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Indeed I have. Not one but two books which every aspiring fantasy writer should have in their reference library:

A word of caution, these are reference books, the stuff that they professor’s back in college warned you were second tier sources. If your looking for in depth studies of myth cycles, ancient history and the like you might want to start with The Hero with a  Thousand Faces and go from there. Or grab copies of El Cid, The Odyssey and Le Morte d’Arthur.

But if your looking for a quick answer and don’t want to spend the next 6 hours in a wiki walk then these books are the answer.

The first, as the title suggest, is an encyclopedia of myths and legends from around the world. It concentrates on Ancient Europe but it does cover the rest of the globe in some details. It also tends to cram a wide series of subjects under certain meta-headings which works most of the time although I found that dropping the Arthurian Mythology under the Celtic setting heading was inaccurate to say the least (Arthur has its own mythos created in Post-Roman Western Europe). Plus a few errors and false assumptions creep here and there but as a well research reference guide to all things mythological you could do far worse. Especially if you pick it up under $10 in the bargain bin, as I did.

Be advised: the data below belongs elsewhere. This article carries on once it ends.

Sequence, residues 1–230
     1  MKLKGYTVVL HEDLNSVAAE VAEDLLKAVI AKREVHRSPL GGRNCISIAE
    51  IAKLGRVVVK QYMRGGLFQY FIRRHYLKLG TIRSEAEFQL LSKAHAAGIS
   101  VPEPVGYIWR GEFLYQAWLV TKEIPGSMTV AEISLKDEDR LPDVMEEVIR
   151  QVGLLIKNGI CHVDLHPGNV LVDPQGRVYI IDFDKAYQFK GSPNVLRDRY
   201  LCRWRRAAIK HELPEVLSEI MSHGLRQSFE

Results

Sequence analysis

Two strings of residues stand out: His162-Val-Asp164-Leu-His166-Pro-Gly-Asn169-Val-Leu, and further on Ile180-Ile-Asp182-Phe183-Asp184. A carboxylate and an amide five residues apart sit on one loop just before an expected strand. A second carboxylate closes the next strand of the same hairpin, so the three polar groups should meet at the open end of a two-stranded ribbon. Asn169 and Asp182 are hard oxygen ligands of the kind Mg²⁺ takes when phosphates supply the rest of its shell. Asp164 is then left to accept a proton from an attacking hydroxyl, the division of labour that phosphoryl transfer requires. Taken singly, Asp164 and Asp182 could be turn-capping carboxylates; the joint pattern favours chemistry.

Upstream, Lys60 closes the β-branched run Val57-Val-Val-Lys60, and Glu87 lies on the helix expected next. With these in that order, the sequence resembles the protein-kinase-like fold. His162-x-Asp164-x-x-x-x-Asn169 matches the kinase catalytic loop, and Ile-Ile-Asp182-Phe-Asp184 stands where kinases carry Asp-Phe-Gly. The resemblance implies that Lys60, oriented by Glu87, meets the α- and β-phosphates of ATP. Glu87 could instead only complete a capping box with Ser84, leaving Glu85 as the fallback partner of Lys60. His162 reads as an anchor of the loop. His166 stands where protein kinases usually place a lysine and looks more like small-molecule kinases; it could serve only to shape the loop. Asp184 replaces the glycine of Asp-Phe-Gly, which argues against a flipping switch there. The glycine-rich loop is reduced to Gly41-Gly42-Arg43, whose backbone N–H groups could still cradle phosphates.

The second book is a collection of essays geared for the fantasy writer searching for research material on medieval settings. Like the first it concentrates largely on medieval Western Europe (500 CE to 1600 CE with some material extending to the modern era). It has some fascinating essays on magic, sources and uses as well as handy list of terms.  Again, it does not make the claim to be the end all and be all of sources for writers but it is a compact enough to sit on your desk while you work on your latest WIP.

I recommend both books as excellent places to start your research and as handy guides to all thing ancient, fantasy and fantastic. See if you can snatch them in your local book store (search the bargain bins first) or ask for them in your local library.

If you have any books to recomend, please do so. I’ll like to check them out.

That’s all for now folks, see you around.

Oh and before I forget, here is a video for ya!

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4 Comments

  1. ooohh. Did you say magic in the Middle Ages? I think you did. EKZELLENT.

  2. Yes, although most of what we think is magic or the way magic works in modern fantasy comes from the mid to late 19th century and early 20th century. Old but not ancient.

  3. Two scholarly works that might be of interest are “The Golden Bough” and “The White Goddess”.

  4. @Tasha:

    Thanks for the recommendations. I will check them out.

    @Benjamin:

    Used to happen to me year after year until I finally decided to screw it and go for it. Go my second novel done becuause of it!


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